In the big cities like Phnom Penh the traffic and transportation is different. There are cars, motos, and carriage-like vehicles that serve as taxis fitting wherever they can on the road. I enjoy watching how it all flows. No accidents and no road rage. It just works. The main way to travel from city to city is by car if you have one or by night bus. The buses are pretty much full of bunk beds. Most of the time I sleep pretty well on the buses, but I genuinely sleep well anywhere. Whether it is on a long car trip or whether there is a lot of noise going on it doesn’t bother me.
I have found that Cambodians are competitive. The kids love playing rough and competitive games.You take a simple game of scoot and it is like “when did this game get so violent?” The kids are always wanting to play games. They come over several times a week, to play and about Jesus. How the kids settle arguments most of the time is with Rock paper scissors. Then the debate is instantly over. The adults are also competitive. I played a game of spoons but we had to use straws instead because the spoons would draw blood. It was fun watching everyone fighting over the straws. Whoever would lose had to deal the cards. I am not that competitive so I got to deal a lot. I didn’t mind at all. I should have expected the people would be fun, especially with a holiday celebrated with water wars. The people are also pretty relaxed and friendly. It’s fun listening to them talk, even if I don’t understand what they are saying.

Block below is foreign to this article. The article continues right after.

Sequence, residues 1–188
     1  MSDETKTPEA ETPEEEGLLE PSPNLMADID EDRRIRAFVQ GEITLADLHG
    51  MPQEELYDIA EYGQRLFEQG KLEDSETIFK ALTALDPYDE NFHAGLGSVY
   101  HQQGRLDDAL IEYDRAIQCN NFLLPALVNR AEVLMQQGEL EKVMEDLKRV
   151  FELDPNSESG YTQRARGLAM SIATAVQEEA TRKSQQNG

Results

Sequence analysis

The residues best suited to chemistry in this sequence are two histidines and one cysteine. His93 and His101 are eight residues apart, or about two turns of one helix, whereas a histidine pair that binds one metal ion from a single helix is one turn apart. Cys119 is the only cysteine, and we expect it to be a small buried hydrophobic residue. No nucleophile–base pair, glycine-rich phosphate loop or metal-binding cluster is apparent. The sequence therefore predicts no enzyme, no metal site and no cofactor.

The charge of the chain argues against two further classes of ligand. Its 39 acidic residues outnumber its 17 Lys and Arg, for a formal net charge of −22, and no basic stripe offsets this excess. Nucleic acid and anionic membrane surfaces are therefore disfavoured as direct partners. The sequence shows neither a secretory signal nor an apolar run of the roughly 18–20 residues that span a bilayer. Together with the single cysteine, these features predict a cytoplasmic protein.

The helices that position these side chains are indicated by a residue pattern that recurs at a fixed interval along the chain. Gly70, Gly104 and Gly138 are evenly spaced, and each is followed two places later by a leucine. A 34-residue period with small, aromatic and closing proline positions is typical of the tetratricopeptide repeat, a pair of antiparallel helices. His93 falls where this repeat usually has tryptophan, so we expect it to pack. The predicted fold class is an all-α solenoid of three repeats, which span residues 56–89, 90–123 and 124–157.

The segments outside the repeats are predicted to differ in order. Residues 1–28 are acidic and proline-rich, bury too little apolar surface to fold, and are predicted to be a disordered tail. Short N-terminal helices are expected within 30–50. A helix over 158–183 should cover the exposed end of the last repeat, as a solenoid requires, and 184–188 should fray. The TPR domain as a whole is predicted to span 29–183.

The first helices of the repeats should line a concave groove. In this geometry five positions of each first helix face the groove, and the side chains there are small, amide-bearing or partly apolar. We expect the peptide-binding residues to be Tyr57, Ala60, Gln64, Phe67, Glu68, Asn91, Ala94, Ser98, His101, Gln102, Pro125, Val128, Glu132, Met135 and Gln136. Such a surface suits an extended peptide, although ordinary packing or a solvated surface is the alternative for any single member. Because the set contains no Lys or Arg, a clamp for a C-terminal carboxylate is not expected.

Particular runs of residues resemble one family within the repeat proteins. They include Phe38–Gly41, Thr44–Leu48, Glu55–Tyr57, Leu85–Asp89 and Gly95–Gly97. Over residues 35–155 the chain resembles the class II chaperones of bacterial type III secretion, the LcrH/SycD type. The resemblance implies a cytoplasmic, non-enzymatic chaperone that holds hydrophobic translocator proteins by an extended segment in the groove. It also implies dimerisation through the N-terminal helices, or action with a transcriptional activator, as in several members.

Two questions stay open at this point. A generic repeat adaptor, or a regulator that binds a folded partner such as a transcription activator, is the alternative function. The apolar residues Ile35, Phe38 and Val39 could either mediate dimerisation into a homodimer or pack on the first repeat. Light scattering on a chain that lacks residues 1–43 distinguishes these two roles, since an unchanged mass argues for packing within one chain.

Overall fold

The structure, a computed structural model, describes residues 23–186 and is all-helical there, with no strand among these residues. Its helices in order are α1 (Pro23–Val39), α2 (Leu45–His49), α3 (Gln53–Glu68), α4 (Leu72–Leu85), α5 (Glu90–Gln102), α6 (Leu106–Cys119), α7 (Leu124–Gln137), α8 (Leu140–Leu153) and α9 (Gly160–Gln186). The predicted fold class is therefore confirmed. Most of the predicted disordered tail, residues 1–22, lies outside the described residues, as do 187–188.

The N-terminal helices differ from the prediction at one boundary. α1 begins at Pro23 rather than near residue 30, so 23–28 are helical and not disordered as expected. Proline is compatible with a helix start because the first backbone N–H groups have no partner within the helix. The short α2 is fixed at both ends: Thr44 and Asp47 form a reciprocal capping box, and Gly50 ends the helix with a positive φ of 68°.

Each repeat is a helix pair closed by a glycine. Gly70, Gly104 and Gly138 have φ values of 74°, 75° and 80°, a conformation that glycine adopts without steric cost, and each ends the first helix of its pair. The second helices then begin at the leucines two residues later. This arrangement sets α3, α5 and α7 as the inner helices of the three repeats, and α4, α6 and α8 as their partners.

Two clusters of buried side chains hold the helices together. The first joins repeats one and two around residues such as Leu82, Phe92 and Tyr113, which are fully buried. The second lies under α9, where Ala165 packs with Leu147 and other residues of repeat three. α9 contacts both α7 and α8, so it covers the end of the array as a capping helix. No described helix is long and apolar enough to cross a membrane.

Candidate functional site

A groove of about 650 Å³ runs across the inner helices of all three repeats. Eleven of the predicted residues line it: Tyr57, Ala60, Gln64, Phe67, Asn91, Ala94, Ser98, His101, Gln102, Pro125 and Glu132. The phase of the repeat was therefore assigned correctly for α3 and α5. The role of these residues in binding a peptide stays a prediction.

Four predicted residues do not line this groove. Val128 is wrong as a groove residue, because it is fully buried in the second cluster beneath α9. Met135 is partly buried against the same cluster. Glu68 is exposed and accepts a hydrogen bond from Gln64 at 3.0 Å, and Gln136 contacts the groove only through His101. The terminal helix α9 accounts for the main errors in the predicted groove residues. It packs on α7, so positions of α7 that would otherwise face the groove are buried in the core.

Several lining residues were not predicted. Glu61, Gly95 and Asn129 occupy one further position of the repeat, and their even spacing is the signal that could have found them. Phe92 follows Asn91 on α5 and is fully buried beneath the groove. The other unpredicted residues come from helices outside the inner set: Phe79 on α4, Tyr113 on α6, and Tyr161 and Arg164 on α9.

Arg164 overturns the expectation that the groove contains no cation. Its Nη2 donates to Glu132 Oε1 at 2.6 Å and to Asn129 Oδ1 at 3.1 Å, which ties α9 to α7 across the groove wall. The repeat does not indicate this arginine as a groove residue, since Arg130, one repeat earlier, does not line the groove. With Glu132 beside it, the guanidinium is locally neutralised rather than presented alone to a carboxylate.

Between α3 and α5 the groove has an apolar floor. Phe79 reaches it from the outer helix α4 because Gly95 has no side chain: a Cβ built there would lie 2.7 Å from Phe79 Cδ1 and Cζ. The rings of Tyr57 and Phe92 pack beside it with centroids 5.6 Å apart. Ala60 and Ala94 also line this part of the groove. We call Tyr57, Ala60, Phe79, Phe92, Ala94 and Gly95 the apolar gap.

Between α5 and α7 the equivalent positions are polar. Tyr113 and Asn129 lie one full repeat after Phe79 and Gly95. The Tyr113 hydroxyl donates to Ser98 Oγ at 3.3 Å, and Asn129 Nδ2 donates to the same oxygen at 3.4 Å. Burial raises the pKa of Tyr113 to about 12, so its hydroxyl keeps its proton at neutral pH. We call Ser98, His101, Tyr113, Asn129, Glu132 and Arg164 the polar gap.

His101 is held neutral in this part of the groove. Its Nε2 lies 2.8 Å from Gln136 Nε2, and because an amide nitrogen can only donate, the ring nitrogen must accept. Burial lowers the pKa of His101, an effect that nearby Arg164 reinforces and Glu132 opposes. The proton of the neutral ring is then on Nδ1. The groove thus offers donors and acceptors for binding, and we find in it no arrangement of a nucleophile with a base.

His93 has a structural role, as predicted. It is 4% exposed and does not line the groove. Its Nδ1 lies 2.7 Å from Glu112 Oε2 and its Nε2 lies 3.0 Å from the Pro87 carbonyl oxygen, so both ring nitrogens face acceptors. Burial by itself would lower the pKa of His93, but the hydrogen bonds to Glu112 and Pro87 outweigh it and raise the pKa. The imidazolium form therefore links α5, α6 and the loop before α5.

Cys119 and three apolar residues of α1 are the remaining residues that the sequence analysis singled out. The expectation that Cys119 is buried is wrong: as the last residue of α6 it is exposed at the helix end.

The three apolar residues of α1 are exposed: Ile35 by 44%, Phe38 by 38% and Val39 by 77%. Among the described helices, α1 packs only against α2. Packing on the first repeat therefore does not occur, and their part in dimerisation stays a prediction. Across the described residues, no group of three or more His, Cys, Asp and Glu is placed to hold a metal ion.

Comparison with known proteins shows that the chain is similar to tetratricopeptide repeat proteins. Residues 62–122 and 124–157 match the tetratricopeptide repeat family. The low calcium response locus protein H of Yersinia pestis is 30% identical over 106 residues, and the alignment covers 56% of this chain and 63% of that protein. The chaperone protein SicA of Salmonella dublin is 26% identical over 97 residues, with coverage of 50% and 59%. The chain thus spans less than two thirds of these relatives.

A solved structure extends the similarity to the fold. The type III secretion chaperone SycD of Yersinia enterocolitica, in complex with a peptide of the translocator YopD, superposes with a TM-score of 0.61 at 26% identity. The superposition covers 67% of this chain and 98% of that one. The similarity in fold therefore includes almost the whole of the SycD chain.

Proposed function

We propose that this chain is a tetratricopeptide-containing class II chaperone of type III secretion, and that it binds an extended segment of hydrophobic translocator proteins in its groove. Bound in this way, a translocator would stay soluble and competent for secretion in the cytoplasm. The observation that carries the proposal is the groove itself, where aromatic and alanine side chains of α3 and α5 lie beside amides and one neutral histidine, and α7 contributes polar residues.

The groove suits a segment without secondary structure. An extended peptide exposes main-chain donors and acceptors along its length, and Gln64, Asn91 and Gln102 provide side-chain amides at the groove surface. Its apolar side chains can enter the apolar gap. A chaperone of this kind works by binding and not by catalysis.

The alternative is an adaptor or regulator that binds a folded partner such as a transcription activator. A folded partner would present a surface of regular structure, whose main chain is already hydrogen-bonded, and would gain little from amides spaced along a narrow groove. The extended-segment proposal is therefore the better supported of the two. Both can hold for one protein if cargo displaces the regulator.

The food here is great. We mostly eat a lot of rice with different soups/dishes to go with it. People ask if I am tired of rice yet and the answer has always been no. I like rice. There are also lots of bananas. So people use them in cooking various things. My favorite is fried banana. There is always plenty of food. People tell me to eat more. I politely say no. I am never hungry enough to eat as much as they say. I think it’s funny that one person asked if I didn’t eat a lot because I was scared of getting fat.
The Overland Team
During my time in Cambodia I have gotten to meet the Overland missions team here many times. There was revival week where we got together at the resort, The meetings with Jake and Jessie, the revival day at Matt and Kim’s house, and random other times. When talking about the Overland team in Cambodia It could take hours. They are all so amazing, fun, and creative. I have a blast hanging out, talking and playing games with them. They remind me of my family; They like playing games and having fun together but when it is time to get things done, everyone pitches in and gets the job done. When I go back to the states, the friends I made here in Overland are what I will miss most about Cambodia.
It has been amazing visiting Tommy, making new friends, seeing new places, and trying new things. I am glad I didn’t let fear keep me from coming to Cambodia. It has been a great almost two months but I am excited to go back home and see my family and friends again.